Building a successful company is hard work. No matter what your position is, everyone feels the pain at some point. In Silicon Valley, the pressure to hit investor targets and gain traction is immense, creating a stream of toxic work environments in their wake.
I'm someone who cares deeply about company culture, so it blindsided me one day when I found myself alone, sobbing, on the floor of an elevator in Evernote's headquarters, where I worked. I'm unsure how long I'd been there, but when the door dinged and opened, none other than CEO Phil Libin walked in. Offering his hand to help me stand, he asked me to take a walk with him outside. What he said next has stuck with me forever. After asking what was bothering me, and discovering it was based around work, he became agitated. He said, "None of this stuff matters -- what other people say, what they want -- none of it. You can't let it affect you personally."
And that's when his words struck home:
"Roll it off."
Libin told me I shouldn't take other's words personally and should live life for myself, not for someone else.
I've since recognized I was at the height of burnout. Libin's intervention came just in time, and I took his philosophy to heart. Soon after, I left Evernote to start my own company.
I didn't realize I was burning out until I was already there, which is usually the case. At that point, it is deeply difficult to pull back to normalcy without someone else's help. To that end, here are some burnout signs to watch out for.
You're preoccupied with work.
When every other word out of your mouth has to do with your company, you might be on the path to burnout. For me, I was so involved at Evernote that my husband and sister-in-law came to work for the company just to have any time with me at all. Additionally, I had a workday that spanned the globe, leaving no downtime.
If this describes you or a friend, the best thing to do is to add hobbies outside of work that don't include work colleagues. Volunteering in your community is one such option.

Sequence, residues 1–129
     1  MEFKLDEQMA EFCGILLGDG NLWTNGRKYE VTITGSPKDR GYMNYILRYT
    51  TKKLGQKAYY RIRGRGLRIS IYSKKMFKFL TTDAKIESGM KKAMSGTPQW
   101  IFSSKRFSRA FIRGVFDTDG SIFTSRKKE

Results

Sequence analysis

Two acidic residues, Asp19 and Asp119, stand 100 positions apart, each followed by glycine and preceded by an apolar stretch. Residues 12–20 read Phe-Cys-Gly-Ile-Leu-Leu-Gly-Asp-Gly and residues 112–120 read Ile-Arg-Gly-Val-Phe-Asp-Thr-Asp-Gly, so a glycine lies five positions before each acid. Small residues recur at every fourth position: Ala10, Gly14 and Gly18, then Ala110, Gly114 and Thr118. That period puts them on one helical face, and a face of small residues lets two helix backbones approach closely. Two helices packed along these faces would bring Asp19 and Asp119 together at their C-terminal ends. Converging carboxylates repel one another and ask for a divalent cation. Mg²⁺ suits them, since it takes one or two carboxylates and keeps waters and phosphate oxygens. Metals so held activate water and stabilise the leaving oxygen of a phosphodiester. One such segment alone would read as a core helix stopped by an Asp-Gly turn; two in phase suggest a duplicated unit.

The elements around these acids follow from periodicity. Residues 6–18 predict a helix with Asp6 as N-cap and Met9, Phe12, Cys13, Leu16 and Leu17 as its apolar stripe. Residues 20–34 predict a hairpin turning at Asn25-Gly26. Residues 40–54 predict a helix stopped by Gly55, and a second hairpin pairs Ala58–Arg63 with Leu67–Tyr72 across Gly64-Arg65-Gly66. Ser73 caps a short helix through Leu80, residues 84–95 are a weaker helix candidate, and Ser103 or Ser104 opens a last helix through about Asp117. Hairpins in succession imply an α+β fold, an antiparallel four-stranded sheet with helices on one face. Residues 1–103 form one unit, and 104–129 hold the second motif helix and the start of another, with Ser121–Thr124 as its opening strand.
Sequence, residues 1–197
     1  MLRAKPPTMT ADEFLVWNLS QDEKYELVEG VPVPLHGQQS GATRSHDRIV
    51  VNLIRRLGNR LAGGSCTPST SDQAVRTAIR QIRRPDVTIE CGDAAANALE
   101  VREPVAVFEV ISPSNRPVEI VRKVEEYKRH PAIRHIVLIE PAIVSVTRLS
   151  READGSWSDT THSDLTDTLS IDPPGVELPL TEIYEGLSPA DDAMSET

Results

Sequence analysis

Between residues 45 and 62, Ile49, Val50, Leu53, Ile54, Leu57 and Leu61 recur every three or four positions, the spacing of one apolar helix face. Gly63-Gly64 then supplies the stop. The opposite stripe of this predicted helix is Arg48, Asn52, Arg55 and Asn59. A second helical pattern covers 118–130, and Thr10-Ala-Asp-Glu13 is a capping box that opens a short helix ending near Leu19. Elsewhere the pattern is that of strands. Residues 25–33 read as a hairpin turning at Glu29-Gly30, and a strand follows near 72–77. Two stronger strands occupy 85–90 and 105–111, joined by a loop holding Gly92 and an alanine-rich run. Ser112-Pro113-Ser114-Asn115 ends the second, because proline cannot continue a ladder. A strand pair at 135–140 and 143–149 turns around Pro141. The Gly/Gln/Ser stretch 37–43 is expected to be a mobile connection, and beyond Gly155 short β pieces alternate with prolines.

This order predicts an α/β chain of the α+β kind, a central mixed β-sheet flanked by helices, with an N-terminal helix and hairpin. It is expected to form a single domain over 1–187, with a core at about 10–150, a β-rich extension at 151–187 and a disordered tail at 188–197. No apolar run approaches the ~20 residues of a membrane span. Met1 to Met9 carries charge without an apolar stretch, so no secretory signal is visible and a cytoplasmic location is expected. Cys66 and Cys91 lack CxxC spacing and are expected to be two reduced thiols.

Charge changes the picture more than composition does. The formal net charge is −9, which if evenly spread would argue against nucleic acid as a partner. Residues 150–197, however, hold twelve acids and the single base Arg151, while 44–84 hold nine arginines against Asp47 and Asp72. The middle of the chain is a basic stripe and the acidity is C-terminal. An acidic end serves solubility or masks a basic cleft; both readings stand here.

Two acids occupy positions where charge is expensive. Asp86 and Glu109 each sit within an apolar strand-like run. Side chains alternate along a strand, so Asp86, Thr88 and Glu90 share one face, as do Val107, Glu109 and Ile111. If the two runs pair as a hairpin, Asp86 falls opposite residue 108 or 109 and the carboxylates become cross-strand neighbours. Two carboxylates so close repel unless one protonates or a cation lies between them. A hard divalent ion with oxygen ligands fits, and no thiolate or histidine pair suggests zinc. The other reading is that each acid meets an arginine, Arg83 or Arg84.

You're constantly fatigued.
Everyone gets tired at times, but this goes beyond that. If you find yourself taking naps in the middle of the workday, or falling asleep during the finale of Game of Thrones (for example), then you may be suffering from fatigue. Watch your caffeine intake -- do you "need" coffee to wake up?
To counteract this, you need to sleep more -- by going to bed earlier -- until you can consistently wake up at the correct time, not groggy, without an alarm clock.
You stop taking care of yourself.
Ever see someone who's gone through a breakup who stops showering, stops dressing themselves properly, and lets their house fill up with fast-food wrappers and discarded soda bottles? If you're burned out, you might have a similar fate -- which just leads you further down the path to slovenliness. It's even harder to clean up when you're demotivated and already have a mess.
For this, the best course of action is to set as simple a routine as you can. Someone who is burned out cannot focus on too many things, so reducing clothing choice to one color of turtleneck and jeans, for example, may help.
You have brain fog.
If we're burned out, it's because our body is focusing on one task so much that it has no time for anything else. This causes us to forget everything we learn in the short-term, and we have trouble retaining long-term memory, as well.
For me, the best way to combat this is to be as organized as I can be. If I have an agenda for a meeting, for example, I'm less likely to forget the important points. Otherwise, I could go off on a tangent and never return.
By identifying these signs, you can not only keep yourself from burning out but help others who may need an intervention. After all, without your body and brain working, how can you live your life?